An aerial view of the La Push, Washington, home to the Quileute Tribe. Photo: Sam Beebe
Environment | National

Quileute Tribe starts process to move village to safer ground in Washington





The Quileute Tribe is moving its largest community to higher ground in Washington.

The tribe has begun clearing land for the relocation, KING 5 News reported. The goal is to keep the people in the village of La Push -- including children who attend a Bureau of Indian Education school -- out of a tsunami, earthquake and flood zone along the Pacific Coast.

The project was made possible by the enactment of H.R.1162 in 2012. The law transferred 785 acres within Olympic National Park to the tribe for the new village, a swap that was necessary because no other suitable areas were available.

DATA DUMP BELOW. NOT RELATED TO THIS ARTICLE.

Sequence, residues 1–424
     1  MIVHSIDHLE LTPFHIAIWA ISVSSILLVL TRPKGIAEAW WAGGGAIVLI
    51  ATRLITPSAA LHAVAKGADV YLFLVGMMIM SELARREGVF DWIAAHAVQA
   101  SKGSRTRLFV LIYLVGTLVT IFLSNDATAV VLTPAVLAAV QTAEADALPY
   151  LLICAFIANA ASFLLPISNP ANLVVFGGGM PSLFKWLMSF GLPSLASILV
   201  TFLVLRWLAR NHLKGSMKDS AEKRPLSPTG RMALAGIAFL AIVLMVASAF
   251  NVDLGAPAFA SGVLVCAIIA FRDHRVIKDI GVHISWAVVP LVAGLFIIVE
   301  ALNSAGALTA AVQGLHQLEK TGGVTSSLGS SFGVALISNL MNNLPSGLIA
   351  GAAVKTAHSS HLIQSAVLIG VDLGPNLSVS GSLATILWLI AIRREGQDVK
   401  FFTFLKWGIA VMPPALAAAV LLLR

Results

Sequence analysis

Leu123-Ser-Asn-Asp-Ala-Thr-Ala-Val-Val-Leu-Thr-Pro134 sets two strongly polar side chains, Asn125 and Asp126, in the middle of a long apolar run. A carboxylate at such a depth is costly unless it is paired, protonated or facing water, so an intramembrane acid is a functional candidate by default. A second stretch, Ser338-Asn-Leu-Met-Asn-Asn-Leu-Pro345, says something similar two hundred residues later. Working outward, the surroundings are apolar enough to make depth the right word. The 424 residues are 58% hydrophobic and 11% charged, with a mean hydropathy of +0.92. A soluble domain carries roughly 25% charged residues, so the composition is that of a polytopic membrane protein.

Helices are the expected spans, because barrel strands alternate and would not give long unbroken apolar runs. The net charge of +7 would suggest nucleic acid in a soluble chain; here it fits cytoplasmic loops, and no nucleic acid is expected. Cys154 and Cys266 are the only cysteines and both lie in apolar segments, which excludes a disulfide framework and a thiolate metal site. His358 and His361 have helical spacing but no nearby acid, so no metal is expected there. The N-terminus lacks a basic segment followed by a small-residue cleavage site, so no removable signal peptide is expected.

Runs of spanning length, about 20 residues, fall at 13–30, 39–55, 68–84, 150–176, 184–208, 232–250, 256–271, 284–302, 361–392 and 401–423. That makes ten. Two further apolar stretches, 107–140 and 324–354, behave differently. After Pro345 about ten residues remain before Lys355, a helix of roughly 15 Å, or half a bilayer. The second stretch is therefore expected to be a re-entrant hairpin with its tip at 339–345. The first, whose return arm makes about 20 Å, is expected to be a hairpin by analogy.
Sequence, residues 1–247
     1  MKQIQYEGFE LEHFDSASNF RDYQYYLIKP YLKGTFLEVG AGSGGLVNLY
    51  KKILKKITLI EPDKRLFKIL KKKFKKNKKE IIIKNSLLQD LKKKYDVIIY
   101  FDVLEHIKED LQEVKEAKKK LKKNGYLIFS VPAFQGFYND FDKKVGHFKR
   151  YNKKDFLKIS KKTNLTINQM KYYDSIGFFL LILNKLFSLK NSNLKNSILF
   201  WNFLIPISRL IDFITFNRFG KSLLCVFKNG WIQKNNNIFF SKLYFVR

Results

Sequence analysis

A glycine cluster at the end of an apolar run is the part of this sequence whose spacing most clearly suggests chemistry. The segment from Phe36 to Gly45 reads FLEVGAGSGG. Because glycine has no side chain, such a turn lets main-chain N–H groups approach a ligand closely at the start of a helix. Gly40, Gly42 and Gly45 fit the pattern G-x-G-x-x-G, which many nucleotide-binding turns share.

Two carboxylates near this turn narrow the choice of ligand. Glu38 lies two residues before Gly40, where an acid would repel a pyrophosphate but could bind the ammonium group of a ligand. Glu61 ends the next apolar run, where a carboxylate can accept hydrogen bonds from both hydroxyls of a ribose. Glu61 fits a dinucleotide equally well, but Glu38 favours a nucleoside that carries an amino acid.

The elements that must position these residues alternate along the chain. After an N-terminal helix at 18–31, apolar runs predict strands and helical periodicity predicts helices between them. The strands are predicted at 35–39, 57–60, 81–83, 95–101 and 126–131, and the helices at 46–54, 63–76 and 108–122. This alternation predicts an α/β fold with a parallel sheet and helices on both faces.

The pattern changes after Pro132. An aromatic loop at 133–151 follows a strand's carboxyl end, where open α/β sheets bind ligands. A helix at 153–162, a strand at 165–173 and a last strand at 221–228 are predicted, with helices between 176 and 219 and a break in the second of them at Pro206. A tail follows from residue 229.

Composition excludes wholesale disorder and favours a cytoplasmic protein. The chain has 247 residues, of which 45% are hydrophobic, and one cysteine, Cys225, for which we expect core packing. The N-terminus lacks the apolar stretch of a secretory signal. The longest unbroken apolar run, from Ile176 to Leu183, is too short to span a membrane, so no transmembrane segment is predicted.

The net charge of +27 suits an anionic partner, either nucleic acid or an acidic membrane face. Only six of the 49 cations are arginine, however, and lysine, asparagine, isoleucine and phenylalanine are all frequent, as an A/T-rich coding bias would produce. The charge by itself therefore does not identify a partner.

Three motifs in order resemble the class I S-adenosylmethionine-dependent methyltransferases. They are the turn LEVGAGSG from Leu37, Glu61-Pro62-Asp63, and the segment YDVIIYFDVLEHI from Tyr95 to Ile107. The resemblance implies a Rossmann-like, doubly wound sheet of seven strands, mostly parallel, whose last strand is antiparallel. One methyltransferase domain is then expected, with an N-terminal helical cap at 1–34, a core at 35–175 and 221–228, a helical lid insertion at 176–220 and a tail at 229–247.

Move To Higher Ground on YouTube: Quileute Tribe Move to Higher Ground: Call to Action

The tribe will be moving the Quileute Tribal School, its headquarters and an elder center to the new site. Construction on the new school could begin in the spring of 2018, KING 5 News reported.

The Quileute project was among those selected by the Bureau of Indian Affairs after the Obama administration restarted the school construction program. The program had gone dormant during the George W. Bush era.

Read More on the Story:
Quileute tribe mitigates tsunami danger with move to higher ground (KING 5 News November 1, 2017)

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s part of a grant The Quileute language to be taught in school as part of a grant (KXRO November 1, 2017)

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